New Zealand’s Regulator Expands Licensing Requirements to Capture Short Term Derivatives

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The increase in demand for financial services entities seeking to be registered on the New Zealand Financial Services Provider Register (FSPR) has not been deterred by more onerous registration requirements. Much of the demand for FSP registrations has been from overseas entities (or entities backed by overseas entities) to provide short term derivatives to clients.

Historically, financial services entities could offer short term derivative contracts (including carefully constructed binary options and contracts for difference) to retail clients based in New Zealand or abroad by obtaining an FSP registration but without the need to be formally licensed. This meant financial services entities could operate a trading platform (such as MetaTrader 4 or MetaTrader 5) with limited regulation in a respected jurisdiction.

In April 2017, the Financial Markets Authority (FMA) announced new licensing requirements for financial services entities offering short term derivative contracts to New Zealand resident retail clients.  These will commence in December 2017.

Liam Mason, FMA Director of Regulation, stated that the new licensing requirement stemmed from the monitoring of financial market behaviours, but most from the “steady volume of complaints about short-term FX trading and other derivative products.” He went on to note that about 40% of complaints received were attributed to short term derivatives contracts and clients not being able to receive their money back from providers listed on the FSPR. The volume of complaints could be attributed to the somewhat ease of registration on the FSPR relative to other top tier jurisdictions.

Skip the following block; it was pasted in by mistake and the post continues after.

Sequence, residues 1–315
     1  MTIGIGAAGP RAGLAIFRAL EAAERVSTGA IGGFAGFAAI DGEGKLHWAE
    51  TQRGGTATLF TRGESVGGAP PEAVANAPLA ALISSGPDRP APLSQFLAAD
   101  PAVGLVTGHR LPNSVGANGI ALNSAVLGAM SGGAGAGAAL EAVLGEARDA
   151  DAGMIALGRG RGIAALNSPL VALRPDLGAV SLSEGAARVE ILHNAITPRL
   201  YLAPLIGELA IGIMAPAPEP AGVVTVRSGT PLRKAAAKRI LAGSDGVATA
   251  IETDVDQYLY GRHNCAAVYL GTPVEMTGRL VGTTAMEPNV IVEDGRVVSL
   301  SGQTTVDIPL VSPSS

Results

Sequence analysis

Any financial services entity offering short term derivative contracts to New Zealanders that settle within three (3) days, whether based in New Zealand or internationally, will need to be licensed. The FMA has suggested that existing FSP registrants offering such services to clients should seek to commence the licensing process by 1 August 2017 to ensure they are fully compliant by December 2017.

The FMA is currently in a consultation phase surrounding spot FX contracts. This consultation is seeking to exclude deliverable spot FX contracts, settled within three (3) working days, as derivatives for the purposes of the Financial Markets Conduct Act. Consultations closed on 28 April 2017.

Sophie Grace can assist with licensing in New Zealand, please contact us for further information.

About The Author

Sarah Murray

Sarah works with the Compliance Team with a particular focus on compliance and legal services. Sarah works with the Legal Team providing ongoing assistance in drafting and reviewing documentation as well as legal research. Sarah assists clients with AFSL and ACL applications, variations and also assists in the implementation of compliance reviews. She provides ongoing compliance support in the form of compliance program implementation and reviews.

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